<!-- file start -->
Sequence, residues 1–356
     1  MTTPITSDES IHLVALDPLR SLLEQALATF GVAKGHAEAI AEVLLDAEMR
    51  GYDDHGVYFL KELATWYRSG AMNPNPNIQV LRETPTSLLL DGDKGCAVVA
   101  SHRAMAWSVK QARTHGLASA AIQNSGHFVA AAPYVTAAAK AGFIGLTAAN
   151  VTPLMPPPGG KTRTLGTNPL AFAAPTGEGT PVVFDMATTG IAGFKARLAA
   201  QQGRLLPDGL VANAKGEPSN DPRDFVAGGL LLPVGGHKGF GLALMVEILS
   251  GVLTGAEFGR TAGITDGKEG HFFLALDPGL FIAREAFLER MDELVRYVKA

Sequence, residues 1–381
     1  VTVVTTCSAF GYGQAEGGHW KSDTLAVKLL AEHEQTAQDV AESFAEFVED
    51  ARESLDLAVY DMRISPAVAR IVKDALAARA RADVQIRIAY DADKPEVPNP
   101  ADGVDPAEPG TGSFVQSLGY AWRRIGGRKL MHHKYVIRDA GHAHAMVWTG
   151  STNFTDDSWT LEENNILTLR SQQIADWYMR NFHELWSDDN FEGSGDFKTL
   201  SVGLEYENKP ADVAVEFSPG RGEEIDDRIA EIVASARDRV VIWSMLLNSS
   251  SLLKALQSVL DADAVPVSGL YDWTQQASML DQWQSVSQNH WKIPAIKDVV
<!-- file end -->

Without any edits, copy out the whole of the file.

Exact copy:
Sequence, residues 1–356
     1  MTTPITSDES IHLVALDPLR SLLEQALATF GVAKGHAEAI AEVLLDAEMR
    51  GYDDHGVYFL KELATWYRSG AMNPNPNIQV LRETPTSLLL DGDKGCAVVA
   101  SHRAMAWSVK QARTHGLASA AIQNSGHFVA AAPYVTAAAK AGFIGLTAAN
   151  VTPLMPPPGG KTRTLGTNPL AFAAPTGEGT PVVFDMATTG IAGFKARLAA
   201  QQGRLLPDGL VANAKGEPSN DPRDFVAGGL LLPVGGHKGF GLALMVEILS
   251  GVLTGAEFGR TAGITDGKEG HFFLALDPGL FIAREAFLER MDELVRYVKA

Sequence, residues 1–381
     1  VTVVTTCSAF GYGQAEGGHW KSDTLAVKLL AEHEQTAQDV AESFAEFVED
    51  ARESLDLAVY DMRISPAVAR IVKDALAARA RADVQIRIAY DADKPEVPNP
   101  ADGVDPAEPG TGSFVQSLGY AWRRIGGRKL MHHKYVIRDA GHAHAMVWTG
   151  STNFTDDSWT LEENNILTLR SQQIADWYMR NFHELWSDDN FEGSGDFKTL
   201  SVGLEYENKP ADVAVEFSPG RGEEIDDRIA EIVASARDRV VIWSMLLNSS
   251  SLLKALQSVL DADAVPVSGL YDWTQQASML DQWQSVSQNH WKIPAIKDVV